Behind the Scenes, Education, J. Paul Getty Museum

Art Education Isn’t Just for Kids

Teachers join Getty Museum education specialist Veronica Alvarez to discuss Jean-Joseph Carriès's Self-Portrait as Midas

Teachers in the Art & Language Arts program join education specialist Veronica Alvarez to discuss Jean-Joseph Carriès's Self-Portrait as Midas.

I’ve always appreciated art, but creating art never seemed like something I could do. Creating a drawing or painting was what talented people did, not me.

Professionally, I first became involved in art 10 years ago when I left the practice of law to become a teacher at Canterbury Elementary School. I included art activities in the classroom and took many art workshops at local museums so I could bring the ideas I learned into my classroom.

Still, it wasn’t until I participated in a summer seminar at the Getty Museum’s Art & Language Arts program that I started to believe that I, and not just my students, could create art and make it a part of my life. I loved learning about different artists and artistic styles, but I particularly loved the program’s many hands-on art activities. After all, how better to inspire our students to creativity than to experience it ourselves?

After the summer with Art & Language Arts, I enrolled in a 14-week course in figure drawing at Art Center College of Design in Pasadena. I’d never taken an intensive art class before—but now I’m hooked. Next month I’ll start another 14-week course on advanced figure drawing.

In short, I’ve become an artist.

Untitled life-drawing sketch / Paula Rucker

Untitled, a figure drawing by Paula Rucker

The culminating event of the 2011–12 Art & Language Arts program took place on April 14 (see photos on our Art & Language Arts blog), and I returned to the Getty Center to present a lesson focused on a topic that has always been a favorite of mine, Impressionism.

I began my lesson by showing Wheatstacks by Claude Monet. Utilizing the questioning techniques I learned from the Art & Language Arts program, I helped students to observe the painting and come up with descriptive words and phrases about the artwork. One student said the wheatstacks in the painting looked like muffins. Another said the painting made them feel cold and lonely. I then had the students use the descriptive words and phrases to create a cinquain poem about the work of art. Later, students created their own Impressionist-style paintings with cotton swabs and tempera paint and wrote cinquain poems to accompany their own works of art.

The students’ excitement in creating their own original work was contagious. They had so much fun sharing their artwork and poems with their classmates. But this time, I knew exactly what they were feeling—because I’m an artist, too. We’re all artists, just waiting to give ourselves permission to create.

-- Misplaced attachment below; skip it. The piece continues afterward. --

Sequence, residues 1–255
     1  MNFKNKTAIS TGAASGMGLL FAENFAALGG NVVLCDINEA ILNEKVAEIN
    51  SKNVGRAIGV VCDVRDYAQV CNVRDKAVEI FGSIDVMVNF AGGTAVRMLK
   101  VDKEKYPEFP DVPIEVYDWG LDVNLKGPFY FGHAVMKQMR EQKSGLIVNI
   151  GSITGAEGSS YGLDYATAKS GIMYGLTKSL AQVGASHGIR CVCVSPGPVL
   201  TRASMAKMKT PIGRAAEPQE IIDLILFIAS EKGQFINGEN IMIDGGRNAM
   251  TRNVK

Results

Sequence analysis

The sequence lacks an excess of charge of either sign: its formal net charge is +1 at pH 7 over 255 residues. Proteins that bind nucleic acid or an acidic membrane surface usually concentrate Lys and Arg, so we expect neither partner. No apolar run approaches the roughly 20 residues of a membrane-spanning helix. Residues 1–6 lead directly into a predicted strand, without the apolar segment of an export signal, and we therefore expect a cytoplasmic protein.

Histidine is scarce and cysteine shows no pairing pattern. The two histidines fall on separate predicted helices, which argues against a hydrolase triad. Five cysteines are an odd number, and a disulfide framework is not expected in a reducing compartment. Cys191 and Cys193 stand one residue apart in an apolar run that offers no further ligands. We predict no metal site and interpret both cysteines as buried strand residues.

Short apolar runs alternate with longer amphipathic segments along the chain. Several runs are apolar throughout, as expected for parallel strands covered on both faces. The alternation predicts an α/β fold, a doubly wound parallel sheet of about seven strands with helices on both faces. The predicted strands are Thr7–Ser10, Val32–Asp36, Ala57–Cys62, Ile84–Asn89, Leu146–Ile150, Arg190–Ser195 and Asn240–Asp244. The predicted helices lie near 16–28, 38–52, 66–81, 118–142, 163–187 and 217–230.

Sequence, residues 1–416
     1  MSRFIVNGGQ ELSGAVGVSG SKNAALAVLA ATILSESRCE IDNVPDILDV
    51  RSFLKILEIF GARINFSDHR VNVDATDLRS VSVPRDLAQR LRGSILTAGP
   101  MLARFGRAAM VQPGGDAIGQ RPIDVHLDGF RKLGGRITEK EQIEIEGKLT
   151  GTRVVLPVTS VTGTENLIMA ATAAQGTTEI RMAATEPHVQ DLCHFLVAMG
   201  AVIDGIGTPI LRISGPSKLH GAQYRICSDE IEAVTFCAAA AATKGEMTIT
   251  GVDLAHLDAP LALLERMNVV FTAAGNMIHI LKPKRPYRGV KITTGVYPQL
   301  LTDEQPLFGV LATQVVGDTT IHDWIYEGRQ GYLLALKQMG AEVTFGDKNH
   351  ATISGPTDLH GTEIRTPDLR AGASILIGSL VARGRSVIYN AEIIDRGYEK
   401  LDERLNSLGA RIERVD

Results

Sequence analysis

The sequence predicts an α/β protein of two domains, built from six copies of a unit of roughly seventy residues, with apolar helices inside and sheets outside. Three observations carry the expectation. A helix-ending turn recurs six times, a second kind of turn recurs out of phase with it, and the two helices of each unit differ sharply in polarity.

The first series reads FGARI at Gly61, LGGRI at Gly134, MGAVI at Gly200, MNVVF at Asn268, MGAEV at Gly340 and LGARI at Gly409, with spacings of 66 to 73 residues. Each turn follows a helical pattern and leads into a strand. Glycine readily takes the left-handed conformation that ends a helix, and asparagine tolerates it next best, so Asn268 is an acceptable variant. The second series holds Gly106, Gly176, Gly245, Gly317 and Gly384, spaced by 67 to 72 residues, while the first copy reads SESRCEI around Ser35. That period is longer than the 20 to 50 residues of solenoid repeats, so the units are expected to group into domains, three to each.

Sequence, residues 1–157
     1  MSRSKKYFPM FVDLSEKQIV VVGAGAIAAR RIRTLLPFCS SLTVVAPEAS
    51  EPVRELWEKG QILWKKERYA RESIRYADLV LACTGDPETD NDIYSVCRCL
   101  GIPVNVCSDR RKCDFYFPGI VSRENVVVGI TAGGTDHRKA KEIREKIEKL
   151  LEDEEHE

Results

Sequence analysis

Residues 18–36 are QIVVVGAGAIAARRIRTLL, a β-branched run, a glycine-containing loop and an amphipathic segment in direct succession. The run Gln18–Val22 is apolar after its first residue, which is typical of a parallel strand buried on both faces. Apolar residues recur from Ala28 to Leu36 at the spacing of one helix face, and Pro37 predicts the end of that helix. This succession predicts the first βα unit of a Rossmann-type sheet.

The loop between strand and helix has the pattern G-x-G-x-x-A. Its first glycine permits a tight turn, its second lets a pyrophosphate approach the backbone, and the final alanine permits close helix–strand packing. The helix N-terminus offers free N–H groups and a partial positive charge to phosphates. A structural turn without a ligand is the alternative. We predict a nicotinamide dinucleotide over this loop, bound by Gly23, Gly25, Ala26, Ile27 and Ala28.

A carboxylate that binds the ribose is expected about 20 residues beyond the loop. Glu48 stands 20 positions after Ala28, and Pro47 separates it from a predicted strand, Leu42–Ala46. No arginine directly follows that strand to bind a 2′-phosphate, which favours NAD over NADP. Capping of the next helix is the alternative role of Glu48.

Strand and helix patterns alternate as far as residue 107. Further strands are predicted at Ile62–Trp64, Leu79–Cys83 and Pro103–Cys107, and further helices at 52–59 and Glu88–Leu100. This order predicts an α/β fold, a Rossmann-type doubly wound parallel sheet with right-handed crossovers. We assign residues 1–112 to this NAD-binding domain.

Painting of a whale - student artwork created at the Getty's Art and Language Arts event

Cinquain poem about a whale - student artwork created at the Getty's Art and Language Arts event

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  1. Posted May 11, 2012 at 3:54 am | Permalink

    “How better to inspire our students to creativity than to experience it ourselves?” – What you say reminds me of something Anne Lamott wrote in her book “Bird by Bird”; that the biggest benefit of becoming an author was learning to genuinely enjoy good books written by others.

  2. Rebekah Albrecht
    Posted May 12, 2012 at 7:01 pm | Permalink

    What a wonderful story. I believe that we are all artists and that we have a need to express creativity and that there are multitudinous ways in which to do so. Your drawing is quite beautiful. Hard to believe that this was your first art class. Your students are fortunate to have you as their teacher. Their work is lovely, and their poetry is heartfelt and thoughtful.

    Well done, Paula!

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      This milky pink boomed into popularity because of a marketing ploy, a mistress, and its ambiguous origins.

      In an effort to compete with the renowned Meissen porcelain factory, the French Sèvres manufactory recruited the glamorous Madame de Pompadour (mistress to King Louis XV). Like a smart sponsorship deal, Sèvres gave her all the porcelain she requested. 

      Introduced in 1757, this rich pink exploded on the scene thanks to favoritism by Madame Pompadour herself. 

      The glaze itself had a weird history. To the Europeans it looked Chinese, and to the Chinese it was European. It was made based on a secret 17th-century glassmaker’s technique, involving mixing glass with flecks of gold.

      For more on colors and their often surprising histories, check out The Brilliant History of Color in Art.


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